The technology was developed and originally marketed by Swedish company Spatial Transcriptomics, which 10X Genomics acquired in 2018. Then 10X developed the product further before launching Visium last year. The Visium Spatial Gene Expression Solution, which sells for $1,000 per sample, has smaller and more densely packed spots—and five times more of them—than it did when the company inherited it, says Nikhil Rao, 10X Genomics’s director of strategic marketing for the spatial platform. This increases resolution, he explains. “We also improved the sensitivity of the assay dramatically, being able to pick up tens of thousands of unique molecular identifiers per spot.”

Rao says that many of Visium’s users focus on neuroscience, studying neurodegenerative diseases, for example. But the product is also being used in developmental biology, oncology, and immunology. Johns Hopkins University computational biologist Elana Fertig has used Visium to understand how a cancer can resist treatment. “By virtue of having the spatial information of these cells, you can really figure out the molecular mechanisms where they interact directly, because you can see if the cells are interacting physically,” she explains.

MEAGHER: "This is another frontier in biology: not just single-cell or few-cell gene expression, but now collecting gene expression data with spatial resolution at the level of a few cells."

Inscripta, Inc. Onyx Digital Genome Engineering Platform


While CRISPR-based genome editing has become a widely used technique in labs all over the globe, there are research questions that require a scale of nucleotide tinkering that can be cumbersome, if not prohibitive, for some labs. Inscripta Inc.’s Onyx™ Digital Genome Engineering Platform offers a solution—fully automated genome-engineered libraries with hundreds of thousands of single edits in microbial genomes. The benchtop device, which launched in October 2019 and sells for $347,000, allows users to plant desired variants in the DNA of E. coli bacteria and S. cerevisiae yeast, and the instrument takes care of the rest. 

The platform combines everything from the algorithms for optimizing the editing process to the microfluidics for handling cells to the reagents themselves. “Biologists don’t have to worry about the technical optimization anymore and can go ahead and focus on any problem in biology now,” says Nandini Krishnamurthy, the vice president of applications development at Inscripta.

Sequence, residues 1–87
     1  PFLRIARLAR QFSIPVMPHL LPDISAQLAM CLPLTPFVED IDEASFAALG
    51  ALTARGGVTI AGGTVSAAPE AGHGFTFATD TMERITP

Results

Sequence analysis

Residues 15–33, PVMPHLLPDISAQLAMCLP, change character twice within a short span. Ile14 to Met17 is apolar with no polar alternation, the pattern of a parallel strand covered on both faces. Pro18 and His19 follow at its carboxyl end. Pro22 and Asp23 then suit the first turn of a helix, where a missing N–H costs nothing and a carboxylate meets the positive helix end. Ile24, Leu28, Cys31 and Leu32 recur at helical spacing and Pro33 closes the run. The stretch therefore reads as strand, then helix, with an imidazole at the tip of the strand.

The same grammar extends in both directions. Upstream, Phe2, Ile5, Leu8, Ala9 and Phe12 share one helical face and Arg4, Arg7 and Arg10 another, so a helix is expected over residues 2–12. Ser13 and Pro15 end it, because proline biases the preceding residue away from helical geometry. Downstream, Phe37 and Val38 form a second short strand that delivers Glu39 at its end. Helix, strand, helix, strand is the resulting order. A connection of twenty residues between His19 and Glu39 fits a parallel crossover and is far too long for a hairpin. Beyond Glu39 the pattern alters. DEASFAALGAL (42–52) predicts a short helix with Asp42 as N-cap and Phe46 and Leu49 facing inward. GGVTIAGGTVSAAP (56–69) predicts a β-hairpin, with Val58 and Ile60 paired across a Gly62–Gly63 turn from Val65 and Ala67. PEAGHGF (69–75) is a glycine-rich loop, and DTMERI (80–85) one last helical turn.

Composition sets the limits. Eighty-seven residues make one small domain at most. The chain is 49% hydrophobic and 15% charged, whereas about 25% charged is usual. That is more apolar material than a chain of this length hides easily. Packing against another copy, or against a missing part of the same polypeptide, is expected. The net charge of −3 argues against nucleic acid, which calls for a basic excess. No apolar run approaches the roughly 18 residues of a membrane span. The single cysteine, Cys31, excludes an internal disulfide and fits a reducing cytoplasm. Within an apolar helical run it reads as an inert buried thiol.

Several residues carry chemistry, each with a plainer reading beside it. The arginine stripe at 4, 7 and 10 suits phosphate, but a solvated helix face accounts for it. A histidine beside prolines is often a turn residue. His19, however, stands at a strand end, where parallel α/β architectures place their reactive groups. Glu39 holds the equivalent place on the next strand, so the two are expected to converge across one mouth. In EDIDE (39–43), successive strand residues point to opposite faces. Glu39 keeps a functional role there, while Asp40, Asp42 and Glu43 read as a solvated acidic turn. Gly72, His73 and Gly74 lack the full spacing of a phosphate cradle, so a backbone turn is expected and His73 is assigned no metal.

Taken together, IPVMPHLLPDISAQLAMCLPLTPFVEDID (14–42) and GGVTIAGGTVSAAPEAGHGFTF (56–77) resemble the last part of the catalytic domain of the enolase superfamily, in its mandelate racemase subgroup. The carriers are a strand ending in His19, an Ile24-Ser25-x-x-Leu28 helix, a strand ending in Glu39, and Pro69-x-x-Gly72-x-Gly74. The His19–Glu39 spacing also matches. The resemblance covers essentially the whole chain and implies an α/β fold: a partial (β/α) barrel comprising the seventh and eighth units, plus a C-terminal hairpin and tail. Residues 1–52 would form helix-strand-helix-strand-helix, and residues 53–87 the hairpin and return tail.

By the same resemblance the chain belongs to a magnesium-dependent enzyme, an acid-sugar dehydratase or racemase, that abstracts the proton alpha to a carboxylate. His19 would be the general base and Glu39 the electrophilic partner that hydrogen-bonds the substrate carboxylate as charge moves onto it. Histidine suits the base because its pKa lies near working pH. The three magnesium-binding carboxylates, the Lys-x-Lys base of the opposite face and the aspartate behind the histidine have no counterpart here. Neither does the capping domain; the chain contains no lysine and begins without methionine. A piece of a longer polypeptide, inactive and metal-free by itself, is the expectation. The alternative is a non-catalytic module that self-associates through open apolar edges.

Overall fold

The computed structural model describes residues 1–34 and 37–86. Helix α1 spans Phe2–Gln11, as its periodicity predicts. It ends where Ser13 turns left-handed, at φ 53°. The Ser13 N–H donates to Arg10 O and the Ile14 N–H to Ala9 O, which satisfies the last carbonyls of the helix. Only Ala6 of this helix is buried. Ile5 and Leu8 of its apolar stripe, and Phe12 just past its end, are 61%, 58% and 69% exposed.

Shelley Copley, a molecular biologist at the University of Colorado Boulder, is an early tester of Onyx. She’s using it to examine the effects of synonymous mutations, those that don’t change the resulting protein, on fitness in E. coli. “The high-throughput part of it is critical to be able to address this,” she says. Rather than attempt to engineer each mutation she wants to examine one by one, Onyx enables Copley to generate all 50,000 variants. Her team can then move straight to the fitness assays. “I don’t know of any other technology that can do it.”

KAMDAR: "CRISPR is a powerful tool for editing genomes and allowing functional assessments that can elucidate causality and improve our understanding of genome biology. But those outcomes will not be achieved without overcoming a number of the technical and scalability challenges. This is what the Onyx Digital Genome Engineering Platform enables."



John McLean, a bioanalytical chemist at Vanderbilt University, wants to know exactly what’s in a puff of gas, down to a vaporized blood or tissue sample’s very last lipid molecule. For years, he has used mass spectrometry to catalog compounds in a sample by weight. Sometimes different molecules can have the same mass and the same atomic composition, making it hard to distinguish them. Ion mobility separation runs gas samples down meter-long tubes to differentiate molecules by shape and structure, getting around the mass issue. But because the technique was designed decades ago, it hasn’t achieved the same resolution as mass spectrometry. To achieve a similar resolution, the ion separation instrument would need a 13-meter tube.